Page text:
Voices of Federal Climate Scientists

Published Jul 11, 2008


Climate scientists in the U.S. government are the world's leading experts on global climate change. They are entrusted to observe, analyze, and model our changing planet and convey their findings to other scientists, policy makers, and the public. Unfortunately, scientists report that their findings are being tailored to reflect political goals rather than scientific fact. They are concerned that, while federal climate scientists are providing a solid basis for understanding climate change and crafting solutions, our government has been obscuring the state of our knowledge by exaggerating the level of uncertainty in global warming science.

In the summer of 2006, the Union of Concerned Scientists distributed surveys to more than 1,600 climate scientists working at seven federal agencies and the independent National Center for Atmospheric Research (NCAR), asking for information about the state of climate research at federal agencies. Scientists' responses indicated a high regard for the quality and integrity of federal climate research itself, but also identified broad and substantial interference in their work.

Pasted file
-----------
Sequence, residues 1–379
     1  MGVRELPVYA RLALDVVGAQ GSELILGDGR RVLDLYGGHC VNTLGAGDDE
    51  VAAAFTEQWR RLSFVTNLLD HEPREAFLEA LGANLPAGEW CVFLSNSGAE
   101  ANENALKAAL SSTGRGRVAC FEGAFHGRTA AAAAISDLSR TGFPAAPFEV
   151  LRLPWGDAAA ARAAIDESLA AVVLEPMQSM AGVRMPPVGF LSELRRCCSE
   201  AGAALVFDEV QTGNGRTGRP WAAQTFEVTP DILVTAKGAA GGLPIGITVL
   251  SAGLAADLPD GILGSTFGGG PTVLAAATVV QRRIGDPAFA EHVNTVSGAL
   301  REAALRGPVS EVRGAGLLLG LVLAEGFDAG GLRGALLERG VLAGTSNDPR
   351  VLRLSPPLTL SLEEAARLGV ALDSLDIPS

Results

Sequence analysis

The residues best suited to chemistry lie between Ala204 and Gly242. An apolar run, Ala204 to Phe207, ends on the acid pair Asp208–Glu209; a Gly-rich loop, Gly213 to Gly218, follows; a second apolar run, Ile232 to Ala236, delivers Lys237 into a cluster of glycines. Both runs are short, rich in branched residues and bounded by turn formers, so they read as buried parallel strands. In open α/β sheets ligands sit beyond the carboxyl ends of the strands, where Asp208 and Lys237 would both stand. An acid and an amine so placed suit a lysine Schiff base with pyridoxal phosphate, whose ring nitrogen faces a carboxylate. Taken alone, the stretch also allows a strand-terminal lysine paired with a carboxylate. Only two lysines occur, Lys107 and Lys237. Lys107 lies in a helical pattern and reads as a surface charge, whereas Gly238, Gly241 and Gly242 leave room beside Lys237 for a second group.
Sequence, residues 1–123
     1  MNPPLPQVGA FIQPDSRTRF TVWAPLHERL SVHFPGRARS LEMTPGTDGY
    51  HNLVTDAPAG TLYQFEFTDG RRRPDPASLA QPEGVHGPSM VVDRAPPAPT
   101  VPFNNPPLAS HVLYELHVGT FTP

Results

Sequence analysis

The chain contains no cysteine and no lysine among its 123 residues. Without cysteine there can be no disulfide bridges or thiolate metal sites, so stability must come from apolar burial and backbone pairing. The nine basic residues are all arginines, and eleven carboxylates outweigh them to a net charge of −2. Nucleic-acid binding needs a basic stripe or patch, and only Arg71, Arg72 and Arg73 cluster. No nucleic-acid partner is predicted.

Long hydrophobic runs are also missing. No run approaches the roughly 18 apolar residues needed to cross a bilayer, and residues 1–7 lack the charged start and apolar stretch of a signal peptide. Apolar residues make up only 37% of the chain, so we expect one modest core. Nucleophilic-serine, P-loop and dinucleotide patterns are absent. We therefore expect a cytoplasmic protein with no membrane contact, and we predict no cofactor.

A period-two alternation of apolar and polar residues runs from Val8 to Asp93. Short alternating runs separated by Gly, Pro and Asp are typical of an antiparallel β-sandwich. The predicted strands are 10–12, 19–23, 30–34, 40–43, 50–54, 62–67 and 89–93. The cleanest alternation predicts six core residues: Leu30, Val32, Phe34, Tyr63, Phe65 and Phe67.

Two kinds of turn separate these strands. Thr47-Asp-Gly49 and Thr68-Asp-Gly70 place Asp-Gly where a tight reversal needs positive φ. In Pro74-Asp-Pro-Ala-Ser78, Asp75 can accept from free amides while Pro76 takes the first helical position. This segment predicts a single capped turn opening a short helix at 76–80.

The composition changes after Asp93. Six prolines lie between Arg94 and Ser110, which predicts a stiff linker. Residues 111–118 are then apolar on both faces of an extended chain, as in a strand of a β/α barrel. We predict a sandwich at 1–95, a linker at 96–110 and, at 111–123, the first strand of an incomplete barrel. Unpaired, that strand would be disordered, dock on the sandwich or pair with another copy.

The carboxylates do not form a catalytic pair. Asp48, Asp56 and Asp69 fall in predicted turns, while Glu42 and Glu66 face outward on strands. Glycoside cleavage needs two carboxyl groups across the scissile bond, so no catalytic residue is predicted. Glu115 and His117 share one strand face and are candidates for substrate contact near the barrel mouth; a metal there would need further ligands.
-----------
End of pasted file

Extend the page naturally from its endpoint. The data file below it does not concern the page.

The reality of global warming, including the role of heat-trapping gases from human activities in driving climate change, has been repeatedly affirmed by scientific experts. Every day the government stifles climate science is a day we fail to protect future generations from the consequences of global warming. It is crucial that climate scientists be allowed to accurately inform government decisions. For this to occur, the federal government must pursue reforms that prohibit political interference and misrepresentation of federal climate science research, and affirm the right of scientists to communicate freely with the media and the public.

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